Taking a bike trip to the Chicago Botanic Garden
from the city requires a lot of time, energy, and if you're anything like me, patience.
I began my excursion bright and early, armed with my iPod and a backpack full of snacks and water, and rode west down Addison to Elston. Once on bike-friendly Elston, helpful green signs took me on a straight 5-mile path to the start of the North Branch Trail at Devon and Caldwell.
The trail was highly impressive from the get-go. Pedaling mere feet away from Devon Avenue, I was in what this city girl would call a forest…one with real-live trees, flowers and rolling streams. However, with 20 miles standing between me and the Botanic Garden, I didn't spend too much time taking it all in.
Before setting off, I glanced at the map posted at the trail's entrance and found one problem: I was so far away that the Botanic Gardens weren't even on the map yet! This is the part where bringing my own bike map would have been helpful, as my method of asking people, "Which way to the Botanic Garden?" every time I hit a fork in the road, wasn't exactly efficient.
Once pointed in the right direction, I found the trail gloriously flat, crowd-free and dripping with nature. Had I known that I was supposed to follow the red-colored postings until they changed into black-colored postings (right at the lagoons), my ride may have gone more smoothly. However, it wasn't all tears and wrong turns: I got a great workout, saw a deer and felt like I had temporarily moved to the country.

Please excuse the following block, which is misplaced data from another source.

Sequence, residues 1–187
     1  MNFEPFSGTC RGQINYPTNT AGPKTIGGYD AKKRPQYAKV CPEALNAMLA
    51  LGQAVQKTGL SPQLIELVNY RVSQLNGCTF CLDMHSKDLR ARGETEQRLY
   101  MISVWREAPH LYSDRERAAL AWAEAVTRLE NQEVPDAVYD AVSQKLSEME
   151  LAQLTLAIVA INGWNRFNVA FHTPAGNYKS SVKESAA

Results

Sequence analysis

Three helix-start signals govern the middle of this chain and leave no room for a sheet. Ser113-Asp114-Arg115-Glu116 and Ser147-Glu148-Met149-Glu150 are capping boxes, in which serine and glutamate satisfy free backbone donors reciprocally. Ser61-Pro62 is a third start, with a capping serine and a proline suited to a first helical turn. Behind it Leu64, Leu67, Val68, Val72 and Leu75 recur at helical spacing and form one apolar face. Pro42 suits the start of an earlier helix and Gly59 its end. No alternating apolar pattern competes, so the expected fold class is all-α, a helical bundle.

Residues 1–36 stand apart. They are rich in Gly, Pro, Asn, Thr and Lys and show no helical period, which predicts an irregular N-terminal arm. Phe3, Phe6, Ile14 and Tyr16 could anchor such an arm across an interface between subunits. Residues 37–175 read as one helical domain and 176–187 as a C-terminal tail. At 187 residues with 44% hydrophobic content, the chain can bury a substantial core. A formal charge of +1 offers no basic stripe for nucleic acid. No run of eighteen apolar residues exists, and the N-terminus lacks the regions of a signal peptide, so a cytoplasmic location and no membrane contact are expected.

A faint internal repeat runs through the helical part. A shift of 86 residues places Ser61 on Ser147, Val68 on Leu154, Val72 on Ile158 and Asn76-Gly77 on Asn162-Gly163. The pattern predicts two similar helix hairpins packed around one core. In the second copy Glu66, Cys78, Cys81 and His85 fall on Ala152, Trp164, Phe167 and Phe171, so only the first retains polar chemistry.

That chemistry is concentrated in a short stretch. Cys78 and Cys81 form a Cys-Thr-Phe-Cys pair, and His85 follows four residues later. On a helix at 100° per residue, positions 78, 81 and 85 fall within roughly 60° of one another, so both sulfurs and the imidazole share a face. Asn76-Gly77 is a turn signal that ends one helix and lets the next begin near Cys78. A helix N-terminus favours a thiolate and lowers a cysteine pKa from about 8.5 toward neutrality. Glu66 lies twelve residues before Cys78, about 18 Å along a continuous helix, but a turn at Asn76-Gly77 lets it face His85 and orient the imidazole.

After two hours of biking (often in circles), the black postings spit me out at Lake Cook Road, where I finally rolled into the Botanic Garden…hungry, cranky and in no mood for smelling the roses. However, my spirits quickly elevated when I discovered that the gardens were free and absolutely stunning.
Picking up a complimentary map at the visitor center, I wandered into the first garden I saw, the Bruce Krasberg Rose Garden, and sitting on a step, inhaled an apple and a Power Bar while admiring the Buckingham Fountain look-alike. Rejuvenated, I set out to stroll through parts of the 385 acres that are home to 23 gardens. I did note a few tours going on—both by foot ($10) and "tram" car ($5)—but I decided to go-it alone.
Fortunately my aimless wandering led me to a few outstanding spots: the Waterfall Garden, the Japanese Garden and Evening Island. Just as beautiful by day, Evening Island sits a bridge and a basin-away from the other gardens, making it the perfect spot for viewing the "mainland" gardens. Plus, featuring five-acres of bright red roses, purple perennials, rolling hills and sweeping grasses, the Island has some gorgeous sights of its own.
However, my top-pick of all had to be the English Walled Garden. Pulled right out of a Jane Austen novel, this garden was surrounded by ivy-covered walls and filled with hundreds of flowers. I even met some knowledgeable gardeners inside, who taught me a thing or two about a geraniums aversion to the heat.
At this point, a couple hours had passed and my stomach was starting to grumble, so I checked out the cafe before heading out. Unfortunately, the pickings were slim: a small selection of salads, burgers and chicken sandwiches…all at fillet mignon prices (about $9-$14 a pop). It was too bad I hadn't brought more food, as I could have chowed down in the picnic area by the parking lot. Skipping the cafe, I gave the garden one last glance and headed out for my 20-mile return. Only this time, I knew where I was going. Sort of.
The Chicago Botanic Garden is open every day except Dec. 25. Summer hours are 7 a.m.-9 p.m. To learn more about visiting the Garden, visit www.ohwow.org; for more about the North Branch Trail, visit http://www.fpdcc.com/home.php.